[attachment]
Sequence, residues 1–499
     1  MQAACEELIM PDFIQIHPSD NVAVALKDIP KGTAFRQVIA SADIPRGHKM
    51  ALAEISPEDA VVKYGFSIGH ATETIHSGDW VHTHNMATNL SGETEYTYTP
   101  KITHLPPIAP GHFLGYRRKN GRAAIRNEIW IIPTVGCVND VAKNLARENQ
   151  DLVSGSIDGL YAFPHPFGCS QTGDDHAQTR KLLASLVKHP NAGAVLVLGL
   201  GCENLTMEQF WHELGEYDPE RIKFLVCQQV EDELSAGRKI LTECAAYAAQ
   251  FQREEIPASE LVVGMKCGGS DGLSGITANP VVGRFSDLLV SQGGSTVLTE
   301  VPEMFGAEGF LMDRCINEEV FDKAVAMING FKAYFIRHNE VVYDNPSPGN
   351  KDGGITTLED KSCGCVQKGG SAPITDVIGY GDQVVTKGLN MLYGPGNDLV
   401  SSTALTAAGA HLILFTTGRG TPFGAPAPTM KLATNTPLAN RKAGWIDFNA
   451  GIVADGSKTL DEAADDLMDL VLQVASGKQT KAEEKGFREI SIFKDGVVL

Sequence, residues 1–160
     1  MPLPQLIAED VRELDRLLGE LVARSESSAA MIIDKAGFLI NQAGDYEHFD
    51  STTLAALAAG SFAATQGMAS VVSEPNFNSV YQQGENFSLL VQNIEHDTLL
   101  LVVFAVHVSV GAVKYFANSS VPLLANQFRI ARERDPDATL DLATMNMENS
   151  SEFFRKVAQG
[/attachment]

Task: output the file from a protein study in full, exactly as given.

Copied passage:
Sequence, residues 1–499
     1  MQAACEELIM PDFIQIHPSD NVAVALKDIP KGTAFRQVIA SADIPRGHKM
    51  ALAEISPEDA VVKYGFSIGH ATETIHSGDW VHTHNMATNL SGETEYTYTP
   101  KITHLPPIAP GHFLGYRRKN GRAAIRNEIW IIPTVGCVND VAKNLARENQ
   151  DLVSGSIDGL YAFPHPFGCS QTGDDHAQTR KLLASLVKHP NAGAVLVLGL
   201  GCENLTMEQF WHELGEYDPE RIKFLVCQQV EDELSAGRKI LTECAAYAAQ
   251  FQREEIPASE LVVGMKCGGS DGLSGITANP VVGRFSDLLV SQGGSTVLTE
   301  VPEMFGAEGF LMDRCINEEV FDKAVAMING FKAYFIRHNE VVYDNPSPGN
   351  KDGGITTLED KSCGCVQKGG SAPITDVIGY GDQVVTKGLN MLYGPGNDLV
   401  SSTALTAAGA HLILFTTGRG TPFGAPAPTM KLATNTPLAN RKAGWIDFNA
   451  GIVADGSKTL DEAADDLMDL VLQVASGKQT KAEEKGFREI SIFKDGVVL

Sequence, residues 1–160
     1  MPLPQLIAED VRELDRLLGE LVARSESSAA MIIDKAGFLI NQAGDYEHFD
    51  STTLAALAAG SFAATQGMAS VVSEPNFNSV YQQGENFSLL VQNIEHDTLL
   101  LVVFAVHVSV GAVKYFANSS VPLLANQFRI ARERDPDATL DLATMNMENS
   151  SEFFRKVAQG